Regardless of age, the not-so-secret approach for developing a winning product was to create something that was intuitive to use, and that demonstrated a high degree of return on investment—which simply meant that the user couldn’t live without it.
On the ride home, the T was less crowded and I easily found a seat. Instead of staring into my smartphone like everyone else, I looked out the window. During the pastoral stretch between the Chestnut Hill and Newton Centre stations, I concluded that we were in the midst of a revolution as profound as any that had come before. And like most, it needed a defining name which I ultimately found on the AARP website and a tour led by Dr. Bill Thomas.
Wrote AARP's president: “It's really not about aging--it's about living. To disrupt aging, we need to own our age. We need to get to the point where we're no longer defined by the old expectations of what we should or should not do at a certain age.”
The Age of Disruption Tour featured a community-based workshop on Dementia, and a rock band, non-fiction theater performance.
Far-out to that.
I also decided to broaden the appeal of the ConfrontingAging website by adding sections on Disruptive Aging, Entrepreneurship, Emerging Technology and Concepts, LGBT, and Noteworthy News and Trends.
Further, I redesigned the front page to make it easier to navigate, and given my revolutionary nature, changed the name of the Successful Aging section to Positive Aging. The term was used by one of the forum’s panelists. She did not know its origins, but after additional research I concluded that the use of the word “positive” instead of “successful” would embrace people with more adverse health conditions.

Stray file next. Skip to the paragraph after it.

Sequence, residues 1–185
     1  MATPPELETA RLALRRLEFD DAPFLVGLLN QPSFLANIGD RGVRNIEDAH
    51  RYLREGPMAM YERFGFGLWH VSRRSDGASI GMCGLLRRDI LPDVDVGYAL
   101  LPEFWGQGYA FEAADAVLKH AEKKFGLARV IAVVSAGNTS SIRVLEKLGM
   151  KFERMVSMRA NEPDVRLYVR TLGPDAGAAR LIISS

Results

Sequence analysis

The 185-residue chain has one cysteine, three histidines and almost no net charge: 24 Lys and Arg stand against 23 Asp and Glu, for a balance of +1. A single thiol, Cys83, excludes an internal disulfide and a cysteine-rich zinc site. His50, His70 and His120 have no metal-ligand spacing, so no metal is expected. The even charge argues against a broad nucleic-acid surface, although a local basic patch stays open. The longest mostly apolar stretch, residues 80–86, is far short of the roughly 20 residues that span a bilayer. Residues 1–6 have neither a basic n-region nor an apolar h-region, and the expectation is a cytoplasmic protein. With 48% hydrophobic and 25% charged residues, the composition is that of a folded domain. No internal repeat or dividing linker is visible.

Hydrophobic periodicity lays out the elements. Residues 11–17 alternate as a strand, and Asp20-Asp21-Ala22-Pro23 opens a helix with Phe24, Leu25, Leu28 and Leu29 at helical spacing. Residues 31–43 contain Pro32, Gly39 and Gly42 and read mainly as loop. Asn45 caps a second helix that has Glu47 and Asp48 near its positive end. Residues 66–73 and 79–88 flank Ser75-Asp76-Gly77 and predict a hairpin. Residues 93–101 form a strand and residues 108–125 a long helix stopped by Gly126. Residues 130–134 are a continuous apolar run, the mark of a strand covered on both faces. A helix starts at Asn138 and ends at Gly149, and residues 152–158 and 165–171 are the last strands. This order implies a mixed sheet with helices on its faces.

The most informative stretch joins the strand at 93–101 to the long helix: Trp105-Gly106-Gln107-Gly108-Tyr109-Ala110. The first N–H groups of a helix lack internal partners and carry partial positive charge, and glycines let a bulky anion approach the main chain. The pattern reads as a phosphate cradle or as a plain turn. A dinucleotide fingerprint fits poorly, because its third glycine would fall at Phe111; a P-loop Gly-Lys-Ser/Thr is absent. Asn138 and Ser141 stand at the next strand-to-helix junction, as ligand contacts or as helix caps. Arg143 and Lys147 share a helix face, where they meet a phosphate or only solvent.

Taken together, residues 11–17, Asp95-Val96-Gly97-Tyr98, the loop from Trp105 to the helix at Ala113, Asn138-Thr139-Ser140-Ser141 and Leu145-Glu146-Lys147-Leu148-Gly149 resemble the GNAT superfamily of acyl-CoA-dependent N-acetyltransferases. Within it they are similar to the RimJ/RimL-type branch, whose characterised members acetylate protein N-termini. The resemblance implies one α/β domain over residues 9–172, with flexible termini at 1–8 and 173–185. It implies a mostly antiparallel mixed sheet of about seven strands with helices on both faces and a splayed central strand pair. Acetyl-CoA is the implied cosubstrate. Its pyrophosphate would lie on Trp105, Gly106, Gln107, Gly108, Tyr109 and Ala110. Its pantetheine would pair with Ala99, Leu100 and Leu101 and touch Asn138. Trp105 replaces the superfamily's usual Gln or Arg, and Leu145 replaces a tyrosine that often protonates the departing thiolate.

Silly me! It wasn’t until I was friended on Facebook by someone who used to run a cruise center to realize that I had left out an important aging topic on the ConfrontingAging website: Travel. It’s one of the top priorities for older people with time on their hands. Studies have shown that the physical, mental and social activities associated with traveling – such as touring a museum, navigating through an unfamiliar town, walking along the beach, or immersing in a new culture – improve overall health and cognitive function.
Yet according to one report, only one in five Americans (18%) have specifically factored travel into their retirement financial strategies. For people who don’t have the time, money or inclination, this could be the year where virtual gear becomes an alternative. Right now, you can purchase Google Cardboard for $15 and get a free app that simulates a drive through Tuscany. The system consists of a pair of magnifying glasses and a sheet of cardboard, all of which run off a standard smartphone screen.
For $100, you can buy Samsung’s Gear VR and get a free app called Streetview that creates a 360-degree environment to explore 3,000 locations, worldwide. The system features a phone-powered headset with tracking sensors, more sophisticated built-in controls, and a focus wheel.
You can also get Streetview on Samsung’s Oculus Rift. Along with HTC’s Vive and Sony’s Playstation VR, these are the highest quality VR gear systems available to consumers. They run off external computers or game consoles, and offer advanced features such as motion tracking, high-resolution screens, and sophisticated graphics. They’re also generally more comfortable to wear, better at blocking outside light, and less prone to inducing motion sickness.
The headsets range in price from about $399 to $800, plus you need a controller which can add between $400 and $2,000 to the cost. Oculus Rift and Vive are available now. Sony’s Playstation VR is scheduled for release in October.
Meanwhile, don’t leave home without visiting ConfrontingAging’s new Travel section. Also worth exploring are some new items. Eating and Exercise—Medical Foods, Nutritional Psychiatry. Housing Options—Transitioning to Assisted Living, Nursing Homes and Memory Care facilities. Retirement Planning—Coping with Empty Nest Syndrome.